For me, one of the most poignant comments during the session came towards the end. Looking slightly uncomfortable and visibly upset, a girl from the corner said, “I’m really glad we’re having this training so early because I’m beginning to realize that I’m going to have to go from being a bisexual atheist to a straight Christian in order to integrate here. That’s fine – but it’ll be a huge change, so I’m glad we’re talking about it now while we still have 8 weeks to go.”

Again, why the hell we never did this session for trainees before I’ll never know, but at least now we’ll never miss another group. Seeing how much the Safezone training and other diversity initiatives PC Senegal has taken up over the past year have affected the volunteer community has made me really proud to be a part of the team who’ve put these trainings together and hassled PC Admin to make sure they’re included in every training plan. After this year of hard work and success, I really think that our diversity initiates can only get better, but that’s not really up to me. It’s up to those 67 people we just trained who will be running the show sooner than they think.

It’s 00:56 here, which supposedly means that I should be snoozing but I’m a bit too wound up to sleep. Not wound up in the too-stressed-to-stop-my-mind-from-reeling way I was from this past November through February, but in a I’m-so-excited-about-things-that-are-awesome-that-may-or-may-not-happen wound up way. Don’t get me wrong, I 100% prefer to be kept up by thoughts of a good nature rather than the taxing ones, but the late night tossing does make me worry for tomorrow’s workday. Either way, since I’m committed to being awake (or more importantly to a late night snack) I may as well use the time to catch up with you.

I’ve decided that instead of giving all of you out there in interweb land a play-by-play of the past seven or so months as originally planned, I’m just going to highlight interesting events and projects that have busied my time since we last spoke. You’re really not that interested in what I did over home leave anyway, are you? Me neither. (Ok if you are, here it goes in bits: seafood, lots of rootbeer, lots of draft beer, my brother’s grilling, cheese, [noticing a pattern?] Boston, cigars, north end, bars, pizza, family reunion, Maine, driving, NYC, soft pretzels, DC, PC HQ office, dancing, more NYC, more cigars, comedy show, live band, Mexican food, more draft beer, 3am Chinese food, mom’s condo, awesomely bad daytime TV, shopping, rootbeer, wedding on the Cape, dancing, good whiskey, cigars, sleeping, ice cream, massive amazon.com order, back to Dakar in the gut of rainy season. Got to see all of my favorite people save about five, and the whole trip reminded me how much I missed you all and what exactly I missed about being en Amerik [which was apparently surprisingly easy to forget after 2.5 years].)

Anyway, back to interesting events and projects. In PC Senegal land there exists an organization called SeneGAD. SeneGAD (GAD for short) stands for Senegal Gender and Development, which is a group made up of volunteers who lead the country’s gender-based initiatives (girls’ camps, girls’ scholarships, men as allies/partners in female rights advocacy, talibe work, etc.). Though I wholeheartedly support GAD work, I’d never got involved in SeneGAD during my two years as a wee health volunteer down in Kolda. Then one day in Dakar, I was wondering around the PC office in my new 3rd year PCVL shoes and came across a sign for Safezone allies. For those of you who may be unfamiliar, Safezone is the name for LGBT awareness and sensitivity trainings as well as support groups that exist in many universities, organizations, and PC countries. Since LGBT rights are something that are important to me and since I’d worked pretty extensively with gender rights in Boston (FYSOP Gender Focus, focus on your gender!), I decided to heed the call at the bottom of the list asking for additional volunteers who would be interested in being listed as allies. And that is where things took an intriguing turn.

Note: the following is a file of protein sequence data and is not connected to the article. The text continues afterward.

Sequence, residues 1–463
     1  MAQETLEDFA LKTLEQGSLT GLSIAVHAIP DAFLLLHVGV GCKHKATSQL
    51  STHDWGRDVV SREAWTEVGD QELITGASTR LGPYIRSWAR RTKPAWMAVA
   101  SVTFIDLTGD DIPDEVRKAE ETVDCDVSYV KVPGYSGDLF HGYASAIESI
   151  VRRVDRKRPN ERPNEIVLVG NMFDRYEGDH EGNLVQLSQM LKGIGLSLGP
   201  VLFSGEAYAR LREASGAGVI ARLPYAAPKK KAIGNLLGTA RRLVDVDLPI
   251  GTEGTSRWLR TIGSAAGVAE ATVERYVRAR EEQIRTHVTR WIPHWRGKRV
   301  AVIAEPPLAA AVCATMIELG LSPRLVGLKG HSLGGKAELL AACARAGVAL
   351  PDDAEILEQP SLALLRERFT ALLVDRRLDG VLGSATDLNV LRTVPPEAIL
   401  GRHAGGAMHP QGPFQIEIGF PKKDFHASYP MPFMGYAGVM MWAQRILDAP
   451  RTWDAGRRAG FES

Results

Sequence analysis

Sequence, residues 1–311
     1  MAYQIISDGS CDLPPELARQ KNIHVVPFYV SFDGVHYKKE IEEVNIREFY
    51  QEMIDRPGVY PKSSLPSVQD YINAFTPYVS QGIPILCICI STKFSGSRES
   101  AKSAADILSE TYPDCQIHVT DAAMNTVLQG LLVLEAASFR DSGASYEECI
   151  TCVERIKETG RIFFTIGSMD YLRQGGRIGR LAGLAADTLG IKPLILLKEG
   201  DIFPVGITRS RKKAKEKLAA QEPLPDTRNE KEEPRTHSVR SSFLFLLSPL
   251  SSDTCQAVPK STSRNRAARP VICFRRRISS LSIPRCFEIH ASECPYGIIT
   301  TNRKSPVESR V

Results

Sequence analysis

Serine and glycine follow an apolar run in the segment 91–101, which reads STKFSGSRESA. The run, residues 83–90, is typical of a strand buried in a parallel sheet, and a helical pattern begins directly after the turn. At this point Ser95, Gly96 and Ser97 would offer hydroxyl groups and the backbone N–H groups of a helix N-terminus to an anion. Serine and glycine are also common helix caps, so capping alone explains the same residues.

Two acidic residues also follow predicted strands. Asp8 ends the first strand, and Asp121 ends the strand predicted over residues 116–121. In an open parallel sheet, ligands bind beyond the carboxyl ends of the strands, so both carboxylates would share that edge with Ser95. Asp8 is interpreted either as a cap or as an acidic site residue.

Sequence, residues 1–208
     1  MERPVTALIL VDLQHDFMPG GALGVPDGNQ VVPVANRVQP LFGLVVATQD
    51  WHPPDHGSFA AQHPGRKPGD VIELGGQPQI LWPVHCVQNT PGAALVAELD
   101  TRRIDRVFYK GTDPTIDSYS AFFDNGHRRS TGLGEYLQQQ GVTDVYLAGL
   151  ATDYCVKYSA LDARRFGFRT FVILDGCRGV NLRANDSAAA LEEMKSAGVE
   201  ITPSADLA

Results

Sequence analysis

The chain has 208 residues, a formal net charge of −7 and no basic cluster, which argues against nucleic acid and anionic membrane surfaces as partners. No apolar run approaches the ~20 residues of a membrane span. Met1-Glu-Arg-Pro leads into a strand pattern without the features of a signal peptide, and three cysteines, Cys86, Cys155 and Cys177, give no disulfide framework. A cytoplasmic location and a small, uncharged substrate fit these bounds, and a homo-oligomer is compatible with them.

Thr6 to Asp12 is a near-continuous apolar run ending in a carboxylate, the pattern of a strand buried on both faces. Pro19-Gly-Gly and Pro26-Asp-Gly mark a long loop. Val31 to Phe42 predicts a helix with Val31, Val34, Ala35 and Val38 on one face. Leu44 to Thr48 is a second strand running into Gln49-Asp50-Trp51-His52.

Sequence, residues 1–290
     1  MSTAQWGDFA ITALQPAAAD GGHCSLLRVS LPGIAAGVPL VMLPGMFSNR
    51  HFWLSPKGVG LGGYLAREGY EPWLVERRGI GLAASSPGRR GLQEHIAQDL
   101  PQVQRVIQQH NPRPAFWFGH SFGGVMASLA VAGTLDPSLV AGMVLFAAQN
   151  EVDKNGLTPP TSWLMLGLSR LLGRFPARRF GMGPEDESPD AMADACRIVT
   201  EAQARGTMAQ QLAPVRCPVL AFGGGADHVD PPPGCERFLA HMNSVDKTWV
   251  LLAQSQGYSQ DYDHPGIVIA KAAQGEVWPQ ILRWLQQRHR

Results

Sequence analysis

Through conversations with the volunteer who was leading the Safezone initiative, April, I learned that Safezone allies were running a training for the Host-Country National (HCN) staff of PC Senegal. This was interesting indeed: a Safezone training for our Senegalese staff? In Senegal, where Imams proclaim in major newspapers that homosexuals are responsible for all of the country’s problems and so should be thrown off of a tall building? Where gay men are so taboo that two men can walk down the street holding hands and no one would dare to think they’re anything but friends because the idea of homosexuality is so far removed from the general consciousness? Well, all of that considered, the first staff training apparently went really well, “but that’s because it was the staff all-star group – all of the medical staff and language instructors who’ve been working with PC for years. This next group may be more difficult,” April explained. This next group was the other half of our training center’s language instructors and staff, and they were getting trained that Thursday. I agreed to help out.